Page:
PHILADELPHIA (WPVI) — 911 dispatchers in the City of Philadelphia are frustrated with the lack of changes in the department that is still heavily impacted by COVID-19.
AFSCME District 33 Union member Shannon Millett has almost a decade under her belt at the 911 call center inside police headquarters.
The dispatcher says more people are leaving the job and no one is filling the vacancies.
“People have come down with COVID, people (are) not feeling safe and just leaving to find other jobs, or retiring early along with the disrespect we were receiving from management,” she said.
Millett said it took months for the department to implement mitigation efforts such as plexiglass between dispatchers, which just arrived a few weeks ago.
The arrival of plexiglass came in part because of a City Hall hearing in December. It was at that hearing that many saw how much of an impact COVID had on the call center compared to police districts across the city.
A December internal memo showed the 911 call center had the highest amount of people affected by COVID-19 compared to anywhere else in the department.
More than 200 civilians make up the call center. Millett says callers often see a delay between when they call and when someone answers.
“We have more calls coming in because of the pandemic. We’re working with shorter staff, we’re already short, violence is on an increase,” said Millett. “Oftentimes we over-ring. After you get off one call, it’s not even a second before you get on another call, it’s impacting us a lot.”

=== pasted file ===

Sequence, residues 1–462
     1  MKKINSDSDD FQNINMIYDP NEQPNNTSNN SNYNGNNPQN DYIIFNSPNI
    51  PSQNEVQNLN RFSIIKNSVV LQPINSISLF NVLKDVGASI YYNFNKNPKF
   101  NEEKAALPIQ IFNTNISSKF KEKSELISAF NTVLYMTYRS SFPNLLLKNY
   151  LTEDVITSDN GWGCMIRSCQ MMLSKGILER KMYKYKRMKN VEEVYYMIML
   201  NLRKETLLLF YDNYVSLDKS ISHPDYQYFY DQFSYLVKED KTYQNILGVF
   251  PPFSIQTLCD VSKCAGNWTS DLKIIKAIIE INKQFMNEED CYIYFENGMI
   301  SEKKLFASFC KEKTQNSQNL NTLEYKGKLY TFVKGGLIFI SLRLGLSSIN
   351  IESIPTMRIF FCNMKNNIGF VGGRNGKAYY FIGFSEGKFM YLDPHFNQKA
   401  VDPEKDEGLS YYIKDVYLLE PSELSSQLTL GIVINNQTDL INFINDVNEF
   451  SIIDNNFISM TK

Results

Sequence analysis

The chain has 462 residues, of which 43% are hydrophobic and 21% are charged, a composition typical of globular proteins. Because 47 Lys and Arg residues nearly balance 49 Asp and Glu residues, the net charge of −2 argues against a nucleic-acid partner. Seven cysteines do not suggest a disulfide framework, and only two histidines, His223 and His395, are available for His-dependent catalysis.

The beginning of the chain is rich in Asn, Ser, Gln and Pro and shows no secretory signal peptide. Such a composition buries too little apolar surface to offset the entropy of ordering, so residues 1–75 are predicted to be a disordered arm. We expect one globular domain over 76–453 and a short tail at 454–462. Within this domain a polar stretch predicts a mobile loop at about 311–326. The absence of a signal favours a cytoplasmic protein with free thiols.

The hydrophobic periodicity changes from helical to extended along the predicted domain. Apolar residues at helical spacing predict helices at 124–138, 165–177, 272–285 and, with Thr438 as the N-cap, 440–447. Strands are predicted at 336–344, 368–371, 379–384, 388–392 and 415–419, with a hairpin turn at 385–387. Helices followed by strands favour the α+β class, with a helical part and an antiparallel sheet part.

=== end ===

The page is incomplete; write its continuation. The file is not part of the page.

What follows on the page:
Councilman Curtis Jones, who represents the fourth district, said Thursday he was floored when he recently took a tour of the call center.
It was outdated and the working conditions were not ideal. He said he is also concerned about the mandatory overtime dispatchers are subjected to.
Additionally, he is urging for the vacancies to be filled not just because they need people but also because it is a steep learning curve and employees are vital to a city with a soaring crime and homicide rate.
“We’re asking them to do more by being able to diffuse and codify calls so we know what we’re getting when they arrive on scene, so we’re asking more but not giving them more. Forcing people to do overtime, and I do mean mandatory, is not fiscally sound because we wind up paying extra in salaries then (there is) the burn out factor,” Jones said.